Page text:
Ecological Nationalisms: Nature, Livelihoods, and Identities in South Asia

Paperback | July 7, 2014

EditorGunnel Cederlöf, K. Sivaramakrishnan

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The works presented in this collection take environmental scholarship in South Asia into novel territory by exploring how questions of national identity become entangled with environmental concerns in Bangladesh, Nepal, Pakistan, and India. The essays provide insight into the motivations of colonial and national governments in controlling or managing nature, and bring into fresh perspective the different kinds of regional political conflicts that invoke nationalist sentiment through claims on nature. In doing all this, the volume also offers new ways to think about nationalism and, more specifically, nationalism in South Asia from the vantage point of interdisciplinary environmental studies.

The contributors to this innovative volume show that manifestations of nationalism have long and complex histories in South Asia. Terrestrial entities, imagined in terms of dense ecological networks of relationships, have often been the space or reference point for national aspirations, as shared memories of Mother Nature or appropriated economic, political, and religious geographies. In recent times, different groups in South Asia have claimed and appropriated ancient landscapes and territories for the purpose of locating and justifying a specific and utopian version of nation by linking its origin to their nature-mediated attachments to these landscapes. The topics covered include forests, agriculture, marine fisheries, parks, sacred landscapes, property rights, trade, and economic development.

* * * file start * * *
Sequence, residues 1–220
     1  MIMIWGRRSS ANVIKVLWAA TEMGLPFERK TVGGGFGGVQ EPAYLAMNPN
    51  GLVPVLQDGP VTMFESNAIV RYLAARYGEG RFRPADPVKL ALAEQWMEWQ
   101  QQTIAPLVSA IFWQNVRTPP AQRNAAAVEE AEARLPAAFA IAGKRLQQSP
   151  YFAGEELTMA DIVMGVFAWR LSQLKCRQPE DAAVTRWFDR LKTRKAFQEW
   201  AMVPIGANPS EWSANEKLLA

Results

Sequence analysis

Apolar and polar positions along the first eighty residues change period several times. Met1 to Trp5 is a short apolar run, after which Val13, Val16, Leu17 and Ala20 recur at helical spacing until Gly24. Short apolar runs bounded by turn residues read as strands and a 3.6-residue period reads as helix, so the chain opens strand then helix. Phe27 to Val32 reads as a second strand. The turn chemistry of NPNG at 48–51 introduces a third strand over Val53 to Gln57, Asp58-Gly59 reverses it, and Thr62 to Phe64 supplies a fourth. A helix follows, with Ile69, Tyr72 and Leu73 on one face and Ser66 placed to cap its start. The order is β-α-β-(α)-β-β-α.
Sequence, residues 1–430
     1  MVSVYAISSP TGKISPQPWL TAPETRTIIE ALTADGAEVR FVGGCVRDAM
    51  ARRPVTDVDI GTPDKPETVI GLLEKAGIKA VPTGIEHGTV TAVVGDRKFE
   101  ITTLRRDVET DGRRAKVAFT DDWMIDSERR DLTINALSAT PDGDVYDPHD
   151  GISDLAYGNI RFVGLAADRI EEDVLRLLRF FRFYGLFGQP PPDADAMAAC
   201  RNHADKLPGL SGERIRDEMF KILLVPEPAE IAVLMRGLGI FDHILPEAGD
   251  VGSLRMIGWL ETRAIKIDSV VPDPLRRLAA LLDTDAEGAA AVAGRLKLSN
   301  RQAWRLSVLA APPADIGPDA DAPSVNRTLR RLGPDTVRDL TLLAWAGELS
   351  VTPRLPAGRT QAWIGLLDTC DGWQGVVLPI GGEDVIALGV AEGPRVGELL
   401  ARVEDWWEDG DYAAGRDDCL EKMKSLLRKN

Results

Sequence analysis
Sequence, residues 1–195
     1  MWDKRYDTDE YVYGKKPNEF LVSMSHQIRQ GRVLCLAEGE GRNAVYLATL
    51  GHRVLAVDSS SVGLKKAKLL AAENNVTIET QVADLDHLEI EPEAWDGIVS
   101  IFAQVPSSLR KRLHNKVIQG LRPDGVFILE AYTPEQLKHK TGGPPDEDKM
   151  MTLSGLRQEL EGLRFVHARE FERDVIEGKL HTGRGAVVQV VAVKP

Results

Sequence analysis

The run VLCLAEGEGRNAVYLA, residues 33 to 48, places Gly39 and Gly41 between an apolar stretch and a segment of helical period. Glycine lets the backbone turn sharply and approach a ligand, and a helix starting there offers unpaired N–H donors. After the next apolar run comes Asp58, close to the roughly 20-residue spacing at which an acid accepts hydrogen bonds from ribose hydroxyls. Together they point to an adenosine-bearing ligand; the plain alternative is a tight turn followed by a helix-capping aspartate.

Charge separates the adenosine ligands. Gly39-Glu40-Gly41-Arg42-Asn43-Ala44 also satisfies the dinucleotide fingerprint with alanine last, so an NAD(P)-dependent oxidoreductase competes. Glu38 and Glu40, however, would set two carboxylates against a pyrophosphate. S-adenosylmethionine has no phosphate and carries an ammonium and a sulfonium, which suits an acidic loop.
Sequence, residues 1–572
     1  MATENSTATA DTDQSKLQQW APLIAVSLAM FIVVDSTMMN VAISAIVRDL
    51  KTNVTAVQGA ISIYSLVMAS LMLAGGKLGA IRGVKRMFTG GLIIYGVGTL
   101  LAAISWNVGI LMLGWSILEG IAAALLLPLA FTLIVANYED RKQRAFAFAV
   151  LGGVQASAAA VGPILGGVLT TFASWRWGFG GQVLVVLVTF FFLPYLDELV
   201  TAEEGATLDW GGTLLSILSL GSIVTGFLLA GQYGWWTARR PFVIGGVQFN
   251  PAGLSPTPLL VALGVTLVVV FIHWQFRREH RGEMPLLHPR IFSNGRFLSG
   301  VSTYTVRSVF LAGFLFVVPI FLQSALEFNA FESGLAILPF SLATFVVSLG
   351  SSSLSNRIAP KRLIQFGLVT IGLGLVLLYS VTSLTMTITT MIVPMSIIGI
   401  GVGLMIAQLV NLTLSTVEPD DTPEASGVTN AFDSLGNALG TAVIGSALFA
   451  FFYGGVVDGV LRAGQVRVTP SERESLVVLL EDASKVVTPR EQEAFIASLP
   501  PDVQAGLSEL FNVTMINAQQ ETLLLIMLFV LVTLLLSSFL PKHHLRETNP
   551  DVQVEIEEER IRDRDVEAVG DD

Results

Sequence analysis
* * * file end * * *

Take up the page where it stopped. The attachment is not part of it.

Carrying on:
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The works presented in this collection take environmental scholarship in South Asia into novel territory by exploring how questions of national identity become entangled with environmental concerns in Bangladesh, Nepal, Pakistan, and India. The essays provide insight into the motivations of colonial and national governments in controll...

Gunnel Cederlof is associate professor of history, Uppsala University, Sweden. K. Sivaramakrishnan is professor of anthropology and international studies and director of the South Asia Center, Jackson School of International Studies, at the University of Washington. The other contributors are Nina Bhatt, Vinita Damodaran, Claude A. Gar...

other books by Gunnel Cederlöf

Format:PaperbackDimensions:376 pages, 9 × 6 × 1 inPublished:July 7, 2014Publisher:University Of Washington PressLanguage:English

The following ISBNs are associated with this title:

ISBN - 10:0295993847

ISBN - 13:9780295993843

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Table of Contents

Preface and AcknowledgmentsNotes on Contributors1. Introduction: Ecological Nationalisms: Claiming Nature for Making History / K. Sivaramakrishnan and Gunnel Cederlof